Active Learning Applied To Image Retrieval

DOI : 10.17577/IJERTV2IS80712

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Active Learning Applied To Image Retrieval

Neelam Longani1

M.E. (Electronics) Student,

Jawaharlal Nerhu engineering college, Aurangabad.

Prof. Faisal Shaikp

Department of Electronics and Telecommunication, Jawaharlal Nerhu engineering college, Aurangabad.


Active learning in content-based image retrieval systems is a challenging task. For effective retrieval of visual information, statistical learning plays a pivotal role. Active learning methods have been considered with increased interest in the statistical learning community. This paper provides algorithms within a statistical framework to extend active learning for content-based image retrieval (CBIR). The classification framework is presented with experiments to compare several powerful classification techniques in this information retrieval context. Focusing on interactive methods, active learning strategy is then described. Active learning in such context optimizes the training data to get best classification with as few as possible user labeling. Experimental results on Corel database show the comparison of 3 classification strategies to evaluate active learning contribution for online CBIR and the improvement in retrieval performance by active learning approach.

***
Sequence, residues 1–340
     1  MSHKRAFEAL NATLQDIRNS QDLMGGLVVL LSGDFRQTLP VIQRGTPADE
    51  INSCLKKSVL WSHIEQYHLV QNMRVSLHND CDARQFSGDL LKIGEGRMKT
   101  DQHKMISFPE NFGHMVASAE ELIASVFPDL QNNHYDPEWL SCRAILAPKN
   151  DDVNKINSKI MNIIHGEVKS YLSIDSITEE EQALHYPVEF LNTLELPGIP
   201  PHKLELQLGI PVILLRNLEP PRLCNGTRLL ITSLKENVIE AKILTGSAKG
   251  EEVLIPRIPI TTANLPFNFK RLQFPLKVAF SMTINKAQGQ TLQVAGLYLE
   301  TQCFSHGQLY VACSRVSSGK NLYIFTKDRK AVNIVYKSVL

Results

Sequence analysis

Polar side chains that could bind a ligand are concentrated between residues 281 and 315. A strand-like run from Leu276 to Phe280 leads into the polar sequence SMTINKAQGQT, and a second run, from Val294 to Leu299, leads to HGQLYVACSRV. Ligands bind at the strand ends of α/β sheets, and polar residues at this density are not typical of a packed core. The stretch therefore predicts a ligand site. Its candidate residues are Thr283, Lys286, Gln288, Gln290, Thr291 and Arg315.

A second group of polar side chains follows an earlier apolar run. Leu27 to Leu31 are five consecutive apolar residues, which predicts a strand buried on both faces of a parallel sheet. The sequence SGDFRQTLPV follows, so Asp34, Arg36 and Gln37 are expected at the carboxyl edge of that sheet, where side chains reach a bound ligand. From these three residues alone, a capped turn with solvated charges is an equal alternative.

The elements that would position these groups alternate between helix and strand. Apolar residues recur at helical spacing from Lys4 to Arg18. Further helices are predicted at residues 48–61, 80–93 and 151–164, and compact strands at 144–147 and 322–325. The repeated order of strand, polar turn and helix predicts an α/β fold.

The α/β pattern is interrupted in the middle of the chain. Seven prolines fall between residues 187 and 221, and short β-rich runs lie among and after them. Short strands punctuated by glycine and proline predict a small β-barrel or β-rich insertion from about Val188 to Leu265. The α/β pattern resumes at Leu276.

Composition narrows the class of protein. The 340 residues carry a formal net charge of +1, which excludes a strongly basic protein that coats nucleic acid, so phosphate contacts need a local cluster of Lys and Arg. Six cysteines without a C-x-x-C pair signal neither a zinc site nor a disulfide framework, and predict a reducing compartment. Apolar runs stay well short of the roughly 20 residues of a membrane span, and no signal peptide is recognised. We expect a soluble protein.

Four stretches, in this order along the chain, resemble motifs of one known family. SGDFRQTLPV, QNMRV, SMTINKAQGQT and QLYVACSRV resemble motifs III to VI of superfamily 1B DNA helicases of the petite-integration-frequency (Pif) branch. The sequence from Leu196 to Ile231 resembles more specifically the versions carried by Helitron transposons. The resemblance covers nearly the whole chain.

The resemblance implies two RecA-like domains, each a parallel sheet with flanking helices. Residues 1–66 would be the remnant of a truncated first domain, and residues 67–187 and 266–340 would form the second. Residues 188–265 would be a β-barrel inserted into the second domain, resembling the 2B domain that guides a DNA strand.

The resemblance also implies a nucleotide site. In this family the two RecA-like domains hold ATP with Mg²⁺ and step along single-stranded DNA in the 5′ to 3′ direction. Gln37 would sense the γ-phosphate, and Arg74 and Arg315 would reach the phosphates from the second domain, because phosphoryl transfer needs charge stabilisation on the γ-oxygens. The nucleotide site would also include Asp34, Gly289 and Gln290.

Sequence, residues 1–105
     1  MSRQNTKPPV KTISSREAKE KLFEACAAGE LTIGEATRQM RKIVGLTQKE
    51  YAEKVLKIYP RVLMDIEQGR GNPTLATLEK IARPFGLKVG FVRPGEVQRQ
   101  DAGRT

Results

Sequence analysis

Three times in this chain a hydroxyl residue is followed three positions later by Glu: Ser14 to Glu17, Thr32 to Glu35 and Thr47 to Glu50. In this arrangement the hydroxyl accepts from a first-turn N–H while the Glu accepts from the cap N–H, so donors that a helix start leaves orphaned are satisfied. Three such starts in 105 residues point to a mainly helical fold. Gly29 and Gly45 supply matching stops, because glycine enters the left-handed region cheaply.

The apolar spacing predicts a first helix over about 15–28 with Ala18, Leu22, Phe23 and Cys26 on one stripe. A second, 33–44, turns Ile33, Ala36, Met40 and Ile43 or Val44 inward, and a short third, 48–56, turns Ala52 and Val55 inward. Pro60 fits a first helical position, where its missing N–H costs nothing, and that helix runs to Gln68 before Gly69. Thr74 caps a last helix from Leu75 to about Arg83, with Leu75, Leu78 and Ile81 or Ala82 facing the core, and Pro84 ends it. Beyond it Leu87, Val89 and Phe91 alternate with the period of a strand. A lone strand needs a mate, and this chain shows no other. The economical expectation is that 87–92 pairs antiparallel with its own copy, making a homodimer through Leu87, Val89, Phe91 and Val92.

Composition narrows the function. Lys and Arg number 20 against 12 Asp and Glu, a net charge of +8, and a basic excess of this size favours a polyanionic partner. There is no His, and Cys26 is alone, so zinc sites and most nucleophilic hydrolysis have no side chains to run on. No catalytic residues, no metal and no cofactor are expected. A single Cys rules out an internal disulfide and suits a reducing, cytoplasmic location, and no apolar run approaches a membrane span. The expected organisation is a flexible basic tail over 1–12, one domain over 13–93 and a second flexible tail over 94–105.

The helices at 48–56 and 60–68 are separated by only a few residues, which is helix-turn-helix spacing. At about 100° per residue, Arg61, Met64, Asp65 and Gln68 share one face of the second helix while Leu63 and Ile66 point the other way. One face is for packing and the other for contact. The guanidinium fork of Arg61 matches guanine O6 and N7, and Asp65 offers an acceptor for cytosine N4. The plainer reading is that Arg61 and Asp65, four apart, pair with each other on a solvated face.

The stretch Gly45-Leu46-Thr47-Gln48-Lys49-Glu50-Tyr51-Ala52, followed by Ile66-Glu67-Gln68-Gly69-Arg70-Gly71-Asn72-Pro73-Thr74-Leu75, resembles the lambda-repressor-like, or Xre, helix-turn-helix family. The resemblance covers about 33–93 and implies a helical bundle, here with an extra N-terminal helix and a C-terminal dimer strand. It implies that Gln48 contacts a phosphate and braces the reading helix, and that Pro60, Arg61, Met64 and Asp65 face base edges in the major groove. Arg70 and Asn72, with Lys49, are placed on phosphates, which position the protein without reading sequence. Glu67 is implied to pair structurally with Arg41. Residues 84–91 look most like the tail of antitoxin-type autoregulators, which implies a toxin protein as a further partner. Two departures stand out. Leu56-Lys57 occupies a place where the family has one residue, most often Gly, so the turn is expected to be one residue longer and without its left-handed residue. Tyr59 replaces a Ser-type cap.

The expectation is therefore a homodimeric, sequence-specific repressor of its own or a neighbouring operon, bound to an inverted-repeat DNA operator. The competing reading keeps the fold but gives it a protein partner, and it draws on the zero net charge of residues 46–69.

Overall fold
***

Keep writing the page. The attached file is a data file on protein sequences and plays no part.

Content-based image retrieval has been a vigorous area of research for at least the last two decades. Contrary to the early systems, which focused on fully automatic strategies, recent approaches have introduced human- computer interaction [1], [2]. In this paper, we focus on the retrieval of concepts within a large image collection. We assume that a user is looking for a set of images, the query concept, within a database. The aim is to build a fast and efficient strategy to retrieve the query concept. Content- based image retrieval (CBIR) allow the users to submit a query by an image sample, namely, query_by_example, such that the database images that are similar in content to the query image are retrieved. Since end users, in general, do not know the make-up (kinds of images) of the image database and the content representation and search techniques used in the environment (what types of features and indexing methods are employed), it is hard for them to choose an appropriate query at the first trial. Therefore, the query formulation process is treated as a series of tentative trials until the target images are found. Relevance feedback (RF) is an interactive process which can fulfill the requirements of query formulation. It refines the retrievals to a particular query by utilizing the users feedback on previously retrieved results. The principal idea behind the RF is as follows: The user initializes a query session by submitting an image. The system then compares the query

    image to each image in the database and returns t images that are the nearest neighbors to the query. If the user is not satisfied with the retrieved result, he or she can activate an RF process by identifying which retrieved images are relevant and which are nonrelevant. The system then updates the relevance information, such as the reformulated query vector, feature weights, and prior probabilities of relevance, to include as many user-desired images as possible in the next retrieved result. The process is repeated until the user is satisfied or the results cannot be further improved.